But if someone goes to your site and uses the search box instead of your standard navigation, they get a URL like this:

You’ll have to look for yourself to know for sure, but often these two pages will have identical content with the only differentiator being titles that you added to your canonical version. Search engines don’t really care which version of the page gets the best treatment in the SERPs ⁠— they just want visitors to find what they are looking for. Because of that ambivalence, if the search result page gets linked to or shared you can find good traffic going to a poorly optimized page while the true page is pushed down the index or completely removed.

Quick Fix

  1. Use noindex meta tags.
  2. Use an .htaccess file, ISAPI_Rewrite, or a native tool of your CMS to create a 301 redirect from top query searches to your optimized pages.
  3. Build additional links to your canonical page to help the search engines out.

3. Bookmarking and Linking Sharing Forms

Many people love to share what they've found on the web, so naturally your site might offer searchers the opportunity to send a link to a friend or bookmark the page they are on. With older sites these sharing tools often require the use of a pop-up form. Unfortunately, each time content is shared a new page is dynamically generated. As you expand your content, you’ll find that each new page you build creates a “shadow page” that you never think of, but that search engines find.

Your URL may look like this:

The biggest problems with these pages are:

  • They have little crawlable content: just a form and some generic text.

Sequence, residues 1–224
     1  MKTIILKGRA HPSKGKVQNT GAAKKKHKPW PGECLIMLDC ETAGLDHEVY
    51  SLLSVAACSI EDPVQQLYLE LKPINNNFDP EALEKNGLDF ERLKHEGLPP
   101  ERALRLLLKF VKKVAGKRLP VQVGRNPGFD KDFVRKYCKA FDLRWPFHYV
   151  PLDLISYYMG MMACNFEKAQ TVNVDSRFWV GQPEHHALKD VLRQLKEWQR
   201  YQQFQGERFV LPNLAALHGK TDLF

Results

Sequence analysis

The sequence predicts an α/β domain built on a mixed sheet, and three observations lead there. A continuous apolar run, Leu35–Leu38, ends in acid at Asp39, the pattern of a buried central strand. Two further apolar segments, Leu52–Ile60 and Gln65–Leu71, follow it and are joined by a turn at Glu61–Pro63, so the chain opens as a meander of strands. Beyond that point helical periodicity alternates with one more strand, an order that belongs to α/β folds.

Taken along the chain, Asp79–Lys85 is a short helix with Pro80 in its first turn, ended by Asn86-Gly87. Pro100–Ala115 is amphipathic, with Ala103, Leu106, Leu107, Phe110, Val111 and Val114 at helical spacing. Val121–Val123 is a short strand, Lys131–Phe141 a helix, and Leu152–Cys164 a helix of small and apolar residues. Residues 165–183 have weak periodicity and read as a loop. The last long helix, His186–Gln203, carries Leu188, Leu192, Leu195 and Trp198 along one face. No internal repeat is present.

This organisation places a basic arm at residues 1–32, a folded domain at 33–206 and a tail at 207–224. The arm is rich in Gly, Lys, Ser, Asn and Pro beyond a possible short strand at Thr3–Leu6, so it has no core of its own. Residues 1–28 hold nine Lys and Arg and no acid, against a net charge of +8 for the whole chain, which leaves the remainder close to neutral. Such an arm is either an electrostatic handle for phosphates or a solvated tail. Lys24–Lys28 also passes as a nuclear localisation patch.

• They don’t link to the rest of the site.
  • They have the same page titles as your real content.

Over time, you’ll end up with a bloated index. I see this a lot with Bing and Yahoo. Google usually cleans them out faster, but they can stick around for years. If you see a lot more pages in your index than you are actually submitting, then check for this.

Quick Fix

  1. Use a robots.txt or .htaccess file to block access to these pages by search engine spiders. Google uses these files to know which pages it is allowed to crawl. 
  2. Include “Email to a Friend” or some other text in page titles to ensure that the email form page and the actual article do not share the same title.
  3. Try ShareThis or AddThis as a solution for sharing content, rather than generating additional pages.

Recommended Reading: SEO Crawlability Issues and How to Find Them


After following these quick fixes, you should start to see your content appearing on the search engine results page. 

This post focuses on just a few things that can have a big impact on your site. It assumes that you have more common duplicate content and spider-friendliness issues under control. If you have the time, then you should definitely conduct a broader analysis of your indexing, but this brief list will let you hit some big index issues quickly and show improvement fast. For further reading on technical SEO, head over to: Technical SEO: Best Practices to Prioritize Your SEO Tasks.

Editor's Note:This post was originally published in March 2010 and has been updated for accuracy.